This control applies not only to hardware and software, but perhaps most importantly to the image that Apple projects. They make products for the crazy ones, the misfits, the rebels, the troublemakers, and the round pegs in square holes. You’re cool if you buy an Apple product. Not a lemming like some Windows user. Ironic, since some Apple devotees happily camp out for new iPhones, iPods, OS updates, new Apple Store openings and frantically refresh their browsers windows during live blogs of any Steve Jobs presentation. This is all cultivated by Apple. All of the information that comes from Apple is carefully crafted to try and insure that they are on message. I’m not sure I’ve ever read any news articles about them that didn’t end with “Apple declined to comment”. They sued and then shut down Think Secret. Radar, Apple’s bug reporting service, is of little use to developers since they’re not allowed to see bug others have submitted. Recently I heard of a situation with a developer that had appended an iPhone application description to say that an update was ready, but Apple was working through a backlog and had not yet approved it. The developer was contacted and asked to change the description so it did not appear that the delay was Apple’s.

OK, so I’m kinda of going off in the weeds here. I didn’t really intend to just bash Apple. I only wanted to illustrate that the company has its faults and we should try and view things objectively. Apple is trying to make money. Period. They’re not trying to make the world a happy shiny place. So, while I appreciate Fraser Speirs gesture, their are thousands of developers lined up waiting to develop for the iPhone that will step in to take his place. So what incentive does Apple have to loosen the restrictions they’ve placed on development? Civil disobedience could be fun. All the developers could simultaneously change the price of their apps to $9999.99 for a day in protest. That would make news and we’d all lose our App Store privileges and likely enrage our customers, so maybe not. Or, we could hope that the outcry becomes such that it becomes felt in wider circles than just the developer community. If Apple’s image starts taking a hit they might change their minds. Although there is a slow undercurrent of dissatisfaction forming based on the cumulative effects of the recent negative actions, by and large people are willing to give Apple the benefit of the doubt in most situations. Certainly Apple is given far, far wider latitude than a company like Microsoft.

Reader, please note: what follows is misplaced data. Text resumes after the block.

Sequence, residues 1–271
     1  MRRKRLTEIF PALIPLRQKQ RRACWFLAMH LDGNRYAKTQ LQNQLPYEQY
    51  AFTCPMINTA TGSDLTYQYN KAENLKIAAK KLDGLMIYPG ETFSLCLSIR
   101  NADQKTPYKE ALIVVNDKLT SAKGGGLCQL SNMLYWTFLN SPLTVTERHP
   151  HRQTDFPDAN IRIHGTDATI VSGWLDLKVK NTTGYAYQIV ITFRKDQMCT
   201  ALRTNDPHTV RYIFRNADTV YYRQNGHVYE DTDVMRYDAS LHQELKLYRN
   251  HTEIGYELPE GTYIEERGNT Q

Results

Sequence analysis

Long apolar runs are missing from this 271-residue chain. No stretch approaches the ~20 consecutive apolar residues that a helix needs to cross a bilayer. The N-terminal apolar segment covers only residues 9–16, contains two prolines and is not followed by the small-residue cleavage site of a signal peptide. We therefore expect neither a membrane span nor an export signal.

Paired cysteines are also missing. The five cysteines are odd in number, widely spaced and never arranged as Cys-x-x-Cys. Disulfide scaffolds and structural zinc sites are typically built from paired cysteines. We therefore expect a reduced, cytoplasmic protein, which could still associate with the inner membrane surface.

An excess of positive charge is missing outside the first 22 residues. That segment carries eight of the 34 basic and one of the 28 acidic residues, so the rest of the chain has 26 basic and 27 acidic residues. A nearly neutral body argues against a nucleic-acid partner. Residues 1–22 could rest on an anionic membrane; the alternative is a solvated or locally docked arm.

So what if the iPhone comes to dominate the cell phone market the way the iPod has dominated the mp3 player market? Will we end up with the same diversity of development that we see on the iPod? Perhaps not to the same degree, but it’s reasonable to expect that the smaller players would be slowly squeezed out. What the iPhone needs is legitimate competition. Yes, there are plenty of smartphones out there, but Apple needs someone to deliver a device as elegant, or nearly so, as the iPhone. Perhaps Google’s Android or RIM is up to the challenge?

At the very least Google / RIM should try and capitalize on some of Apple’s missteps, especially with the developer community. What if RIM tried to woo away developers of applications like Podcaster with an offer to assist in bringing the application to Blackberry? Hey we’ll give you a phone, a system to develop on, the tools, and a nice chunk of cash and no NDA, if you’ll bring your application to our platform, whadaya say? It might be harder to lure away deeply loyal developers that cut their teeth on the desktop platform, but plenty of developers have no such history and would be perfectly happy to learn another SDK if the opportunity looked promising. RIM could then turn that into a great little PR campaign while their at it. Maybe even make their own 1984 type commercial with Apple playing the part of Big Brother this time.

Does all this mean, am I rooting for Blackberry, Android, Symbian, Windows Mobile?! No of course not, I’m rooting for the consumer. Technology. Innovation. Apple’s recent tactics will stifle innovation and the only real remedy is healthy competition. This is exactly what the iPhone brought to the creaking cell phone industry. Now we need to the competition to respond to insure innovation continues with mobile software development.